A high-stakes hearing that began in January before the Oro Valley Employee Grievance Review Board has proceeded in fits and starts, seen both sides change lawyers, and may not be completed until March or later.
Veteran Oro Valley police Sgt. James Bloomfield is before the board seeking his job back after being fired in September as a result of a town investigation that concluded he lied and deceived his superiors during a department inquiry into a confrontation he had with another officer.
Bloomfield insists he didn't lie or mislead his supervisors and has speculated that his firing was retaliation by Police Chief Daniel Sharp for the prominent role he's played as a leader of a police officers' union that has sued the town for collective bargaining rights and for on-call pay.
Bloomfield became embroiled in the investigation after fellow police officer Det. Andrew "Buddy" Novak called Bloomfield Aug. 8 and accused Bloomfield, who is married, of having an affair with Novak's girlfriend.
Bloomfield denied the affair to Novak. He then called his supervisor, Cmdr. Charlie Lentner, to tell him of the phone call and that he was worried Novak might hurt himself or Bloomfield.
That call sparked a department investigation and is at the heart of the charges of dishonesty against Bloomfield. Lenter told investigators, and wrote in a summary of the investigation, that he got the impression from Bloomfield that he wasn't having an affair. Bloomfield admitted during the investigation that he had an affair with Novak's girlfriend two years ago.
The town board has been asked to determine if Bloomfield deceived Lentner and made untrue statements during the investigation, and whether the level of punishment he received was warranted.
The hearing has attracted the attention of the state's largest police union, Arizona Conference of Police and Sheriffs, and some of its highest ranking members, most of whom are officers in Phoenix-area police departments, have attended the hearings.
The hearing started Jan. 30 and lasted about three hours before being continued to Feb. 4. The Feb. 4 hearing lasted only a few minutes as Bloomfield had fired his lawyer, Jeffrey Greenberg, the week before and hired Michael Storie, a lawyer with the firm Piccarreta and Davis which frequently represents AZCOPS and its members. Storie asked the board for a month's delay to get up to speed on what had occurred so far and to read all the investigative documents. The board voted unanimously to give him a week.
Bloomfield, who had been open and talkative about his situation, would not answer any questions about his switching lawyers and referred all questions to Storie. Storie also declined to comment about the switch.
However Storie, in announcing the change to the board Feb. 4, said he had been asked by Bloomfield, "and several of (Bloomfield's) friends," to step in and represent Bloomfield at the hearing.
None of the state police union leaders contacted by the Northwest EXPLORER would say if they advised Bloomfield to switch lawyers. Greenberg at the Jan. 30 hearing occasionally lost his train of thought and frequently had to restate his questions to witnesses.
The hearing resumed Feb. 11 and also lasted about three hours before being continued to March. 10.
Three days after the Feb. 11 hearing, Oro Valley switched lawyers, replacing acting Town Attorney Tobin Sidles, who is also the town's prosecutor, with Thomas Arn of Quarles & Brady, Streich, Lang, a Phoenix law firm.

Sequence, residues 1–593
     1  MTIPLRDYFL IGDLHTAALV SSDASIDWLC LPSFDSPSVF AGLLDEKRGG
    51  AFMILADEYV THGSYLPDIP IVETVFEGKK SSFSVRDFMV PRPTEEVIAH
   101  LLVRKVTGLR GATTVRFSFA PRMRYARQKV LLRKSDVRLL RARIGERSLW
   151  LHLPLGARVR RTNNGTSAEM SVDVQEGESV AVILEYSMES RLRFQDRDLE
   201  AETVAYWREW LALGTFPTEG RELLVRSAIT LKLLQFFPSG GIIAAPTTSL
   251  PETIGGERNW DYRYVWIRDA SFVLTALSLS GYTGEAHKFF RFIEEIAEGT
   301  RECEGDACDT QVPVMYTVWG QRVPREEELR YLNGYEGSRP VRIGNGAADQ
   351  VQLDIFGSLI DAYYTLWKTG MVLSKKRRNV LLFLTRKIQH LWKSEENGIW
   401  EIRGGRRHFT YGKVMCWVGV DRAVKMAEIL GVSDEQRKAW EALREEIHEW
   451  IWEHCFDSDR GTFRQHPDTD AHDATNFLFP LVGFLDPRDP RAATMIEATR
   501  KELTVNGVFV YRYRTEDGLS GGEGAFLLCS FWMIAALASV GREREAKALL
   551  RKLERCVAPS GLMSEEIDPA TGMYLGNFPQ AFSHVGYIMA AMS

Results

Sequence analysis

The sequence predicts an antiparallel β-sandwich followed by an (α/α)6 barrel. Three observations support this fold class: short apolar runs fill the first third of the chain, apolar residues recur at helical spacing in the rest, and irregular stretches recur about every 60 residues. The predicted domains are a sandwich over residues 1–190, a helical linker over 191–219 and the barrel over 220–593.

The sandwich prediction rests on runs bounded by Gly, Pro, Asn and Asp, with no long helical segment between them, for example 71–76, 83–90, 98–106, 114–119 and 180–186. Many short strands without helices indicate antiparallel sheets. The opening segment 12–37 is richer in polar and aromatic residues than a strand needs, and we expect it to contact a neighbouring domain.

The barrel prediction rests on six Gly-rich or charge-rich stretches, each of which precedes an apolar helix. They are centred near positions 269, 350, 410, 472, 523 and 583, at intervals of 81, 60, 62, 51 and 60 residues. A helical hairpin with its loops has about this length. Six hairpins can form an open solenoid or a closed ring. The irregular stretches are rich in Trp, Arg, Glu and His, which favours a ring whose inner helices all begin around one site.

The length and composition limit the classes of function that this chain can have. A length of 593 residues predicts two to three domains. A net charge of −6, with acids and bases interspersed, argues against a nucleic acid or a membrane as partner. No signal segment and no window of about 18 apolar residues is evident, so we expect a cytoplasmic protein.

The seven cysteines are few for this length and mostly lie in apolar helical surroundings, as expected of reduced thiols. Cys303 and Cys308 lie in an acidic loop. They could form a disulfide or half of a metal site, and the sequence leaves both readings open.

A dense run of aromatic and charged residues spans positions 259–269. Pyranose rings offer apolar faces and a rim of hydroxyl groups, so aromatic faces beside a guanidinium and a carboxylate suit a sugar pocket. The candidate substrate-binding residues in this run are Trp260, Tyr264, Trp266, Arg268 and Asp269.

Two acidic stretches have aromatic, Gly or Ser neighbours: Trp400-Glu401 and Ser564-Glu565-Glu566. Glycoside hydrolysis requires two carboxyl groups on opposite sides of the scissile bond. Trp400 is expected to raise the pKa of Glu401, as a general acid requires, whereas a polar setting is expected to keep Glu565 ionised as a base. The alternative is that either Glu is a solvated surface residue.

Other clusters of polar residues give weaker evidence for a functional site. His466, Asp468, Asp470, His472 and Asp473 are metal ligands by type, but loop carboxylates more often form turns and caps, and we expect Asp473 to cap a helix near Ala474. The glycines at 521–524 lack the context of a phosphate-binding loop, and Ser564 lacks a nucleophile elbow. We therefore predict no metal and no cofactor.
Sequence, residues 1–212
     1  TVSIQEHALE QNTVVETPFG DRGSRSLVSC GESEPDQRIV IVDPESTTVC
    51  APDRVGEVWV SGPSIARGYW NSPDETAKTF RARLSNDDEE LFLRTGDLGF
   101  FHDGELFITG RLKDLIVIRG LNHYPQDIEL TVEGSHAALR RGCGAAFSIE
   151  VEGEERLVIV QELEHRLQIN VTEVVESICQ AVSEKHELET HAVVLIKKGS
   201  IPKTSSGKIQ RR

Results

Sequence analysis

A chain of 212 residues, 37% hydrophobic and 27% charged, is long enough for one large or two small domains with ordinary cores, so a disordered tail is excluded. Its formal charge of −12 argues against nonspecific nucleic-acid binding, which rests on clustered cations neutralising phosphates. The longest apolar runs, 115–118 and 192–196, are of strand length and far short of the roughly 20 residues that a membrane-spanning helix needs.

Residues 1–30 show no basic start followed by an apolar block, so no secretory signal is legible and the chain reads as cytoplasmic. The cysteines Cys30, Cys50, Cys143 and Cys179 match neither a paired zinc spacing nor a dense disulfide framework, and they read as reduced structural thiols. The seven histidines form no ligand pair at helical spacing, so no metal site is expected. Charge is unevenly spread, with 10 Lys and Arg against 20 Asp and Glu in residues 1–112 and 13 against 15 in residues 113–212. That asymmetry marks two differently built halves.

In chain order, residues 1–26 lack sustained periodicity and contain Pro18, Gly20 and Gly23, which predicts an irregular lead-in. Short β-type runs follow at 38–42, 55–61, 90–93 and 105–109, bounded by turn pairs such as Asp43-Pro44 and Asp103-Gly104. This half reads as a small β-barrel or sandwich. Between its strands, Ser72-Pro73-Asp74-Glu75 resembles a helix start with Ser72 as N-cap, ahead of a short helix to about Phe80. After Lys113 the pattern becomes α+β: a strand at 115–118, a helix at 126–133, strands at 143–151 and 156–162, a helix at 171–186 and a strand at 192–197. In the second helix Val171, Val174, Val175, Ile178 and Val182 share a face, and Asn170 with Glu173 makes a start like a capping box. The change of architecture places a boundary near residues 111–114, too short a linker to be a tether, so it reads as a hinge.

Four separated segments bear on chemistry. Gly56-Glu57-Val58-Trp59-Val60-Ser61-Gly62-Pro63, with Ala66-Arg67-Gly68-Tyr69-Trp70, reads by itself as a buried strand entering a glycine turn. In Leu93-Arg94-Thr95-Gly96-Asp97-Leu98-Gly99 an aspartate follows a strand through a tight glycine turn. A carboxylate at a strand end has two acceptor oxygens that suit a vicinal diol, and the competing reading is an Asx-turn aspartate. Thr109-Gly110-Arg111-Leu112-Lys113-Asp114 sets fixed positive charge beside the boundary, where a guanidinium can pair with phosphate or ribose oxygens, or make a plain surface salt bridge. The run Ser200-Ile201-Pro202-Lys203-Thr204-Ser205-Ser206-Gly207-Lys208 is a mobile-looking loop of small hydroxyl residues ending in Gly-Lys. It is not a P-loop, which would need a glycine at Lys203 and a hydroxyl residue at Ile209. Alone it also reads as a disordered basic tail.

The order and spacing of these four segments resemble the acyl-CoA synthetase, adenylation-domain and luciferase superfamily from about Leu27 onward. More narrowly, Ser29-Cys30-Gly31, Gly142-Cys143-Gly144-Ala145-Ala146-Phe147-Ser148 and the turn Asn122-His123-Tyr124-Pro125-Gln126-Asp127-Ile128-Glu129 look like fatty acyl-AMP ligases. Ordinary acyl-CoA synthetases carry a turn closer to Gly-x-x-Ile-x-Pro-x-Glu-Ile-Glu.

Arn, according to the Arizona Bar Web site, specializes in labor and employment litigation.
Town Manager Chuck Sweet said both Sharp and Sidles came to him and asked that another lawyer be brought in to represent the town. He said Sidles' workload as a prosecutor had increased considerably because of the town's crackdown on driving without a seatbelt. Sidles, as acting town attorney, also has to prepare for and sit in on all town council meetings and study sessions.
Sweet said switching lawyers was in no way a reflection on the job Sidles had done in the Bloomfield matter, adding that because the hearing had been delayed so long, he expected the new lawyer to be fully acquainted with all that has gone on and it shouldn't further delay the proceeding.
Sharp also said he was satisfied with Sidles' work but added that he did express to Sweet concern about Sidles' workload.
Sidles was out of town last week. He could not be reached for comment Feb. 24.
The public hearing will resume at 2 p.m. March 10.
ORO VALLEY LOOKING FOR NEW TOWN ATTORNEY
Oro Valley will begin searching for a new town attorney this week, said Town Manager Chuck Sweet.
Current Town Attorney Dan Dudley has been on a medical leave of absence since July and recently was placed on long-term disability, Sweet said.
Town Prosecutor Tobin Sidles has added acting Town Attorney for the last eight months to his prosecutorial duties. Sweet recently had to hire a Phoenix lawyer to represent the town in an employee grievance hearing because Sidles' workload had become tremendous, Sweet said.
Dudley was hired as Town Attorney March 15, 1999. His leave of absence is reportedly related to back pain. It was unclear if the back pain was connected to Dudley's existing medical condition. About 12 years ago, Dudley had both legs amputated below the knee, and one hand and several fingers of his other hand amputated as a result of a blood infection. He uses prosthetic legs to walk.
Sweet said the job will be posted internally this week and outside the town next week. He said Dudley has been told the town will be seeking a new attorney, and that if his medical condition resolves enough that he can return to work, there would have to be a position available for him to return.
Dudley could not be reached for comment.